google-search

So you want more visitors to your website to read your content or to purchase a product: welcome to SEO. One of the first steps to optimizing your website is understanding how search engines work — What is the goal of a search engine? How do search engines rank pages? And, most importantly, how does Google find your website?
 
By understanding how Google’s search engine works, you’ll be better able to get your website to rank and get more visitors through great content, whether that’s an article on a blog of a product listing.
 
What is the purpose of a search engine, like Google?
 
You can think of Google as a massive digital library. Google’s goal is to discover all the ‘books’ that exist on the internet and create the best experience for browsing their digital library. The same is true for other search engines like Yahoo, Bing, and DuckDuckGo.
 
You can think of books as individual webpages, not websites, so if your website has 8 million pages then chances are you’d want Google to index all those that are relevant to your visitors. When a user enters words, which SEOs call keywords, into the search box, Google tries to retrieve the most relevant and authoritative content.
 
How does Google find pages on the web?
 
It’d be too time consuming for Google to manually discover all the content on the web. In fact, right now Google has 60 trillion webpages in its index, which is continually growing.

To find pages on the web, Google uses software programs called spiders. The spider is an automated robot known as the Googlebot, which travels from website to website identifying, reading, and storing information about the content on those pages.
 
Spiders start by visiting a few web pages and then follow the links on the page to discover new pages. You can think of a link as a bridge that helps connect webpages together. The more bridges that are built to your webpage or website, the better you’ll rank in search. Googlebot visits and stores information about the next page and so on and so forth until there are trillions of pages in the index.
 
The process of visiting each page is known as crawling and storing the information in a massive library is known as indexing.
 
When you perform a Google search, you aren’t searching the whole web, rather you’re searching Google’s library of the web. So, if your website is not in Google’s library then people aren’t able to find your site.
 
How does Google decide which pages to return for a user’s search?

Performing a simple search query, you’ll find that there are thousands (if not millions) of results. Google uses more than 200 characteristics of your website to determine where it should rank.
 
All of these characteristics can be bundled into three categories that SEOs like to call ranking factors: topicality, authority, and user metrics. These aren’t static; in fact, Google is constantly fine-tuning the mathematical equations, known as algorithms, which rank pages on the web.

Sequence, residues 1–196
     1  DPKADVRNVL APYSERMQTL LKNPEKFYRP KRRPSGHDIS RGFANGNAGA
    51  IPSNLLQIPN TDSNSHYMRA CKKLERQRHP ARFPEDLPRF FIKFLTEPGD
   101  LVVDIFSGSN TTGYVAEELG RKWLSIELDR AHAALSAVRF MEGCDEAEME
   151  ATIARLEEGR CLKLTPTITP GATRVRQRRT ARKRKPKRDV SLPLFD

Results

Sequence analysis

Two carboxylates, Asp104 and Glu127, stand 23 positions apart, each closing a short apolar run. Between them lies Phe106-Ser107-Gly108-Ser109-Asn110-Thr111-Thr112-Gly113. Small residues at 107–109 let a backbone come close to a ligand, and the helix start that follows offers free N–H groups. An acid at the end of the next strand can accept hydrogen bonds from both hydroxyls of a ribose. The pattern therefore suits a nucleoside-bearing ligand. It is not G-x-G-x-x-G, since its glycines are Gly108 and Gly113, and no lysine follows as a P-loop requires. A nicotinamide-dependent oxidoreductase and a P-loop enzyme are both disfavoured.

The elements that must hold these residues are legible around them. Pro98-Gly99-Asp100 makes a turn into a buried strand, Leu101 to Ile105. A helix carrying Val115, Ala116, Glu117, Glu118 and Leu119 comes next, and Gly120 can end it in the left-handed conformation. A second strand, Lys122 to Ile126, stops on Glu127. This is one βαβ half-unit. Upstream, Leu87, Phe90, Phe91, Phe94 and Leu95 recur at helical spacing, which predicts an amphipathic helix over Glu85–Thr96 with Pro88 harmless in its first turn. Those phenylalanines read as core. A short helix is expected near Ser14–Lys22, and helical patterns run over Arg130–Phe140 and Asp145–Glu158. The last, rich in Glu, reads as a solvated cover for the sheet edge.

The goal of Google’s programs and formulas is to deliver the best results possible for a user’s query. If you search ‘skateboard shop near me’ then it’s Google’s job to find you the closest, potentially highest rate, shop near you. Google also serves different types of results, like the knowledge graph, snippets, news stories, images, videos, and answers directly to searchers so they don’t have to visit another site. These are known as rich results and can have a positive impact on your site traffic in some cases.
 
These ranking factors are continuously being updated by the search team. In fact, there are thousands of tests and hundreds of deployments each year. Here are Google’s stated estimates of the number of tests and updates:

  • 40,000 precision evaluations through manual testing
  • 9,000 side-by-side experiments
  • 7,000 traffic experiments
  • 500 search improvements in a typical year

 
How does Google maintain the quality of their search results?
 
Google’s web spam team is constantly on the lookout for websites that violate their webmaster guidelines. If you’re trying to get your site to rank in search, then you’ll want to make sure that you follow these guidelines and monitor that health of your website with Google Search Console.
 
If you decide to do something spammy, then Google will five you an opportunity to fix your ways.
 
Now you know how Google works through indexing and crawling, you’re ready to learn about how to get your site to rank in search.
 
I find that the next best place to start is keyword research: identifying which keywords will attract people to your site. Check out this post about my keyword research process and how to identify which keywords to target on your webpages.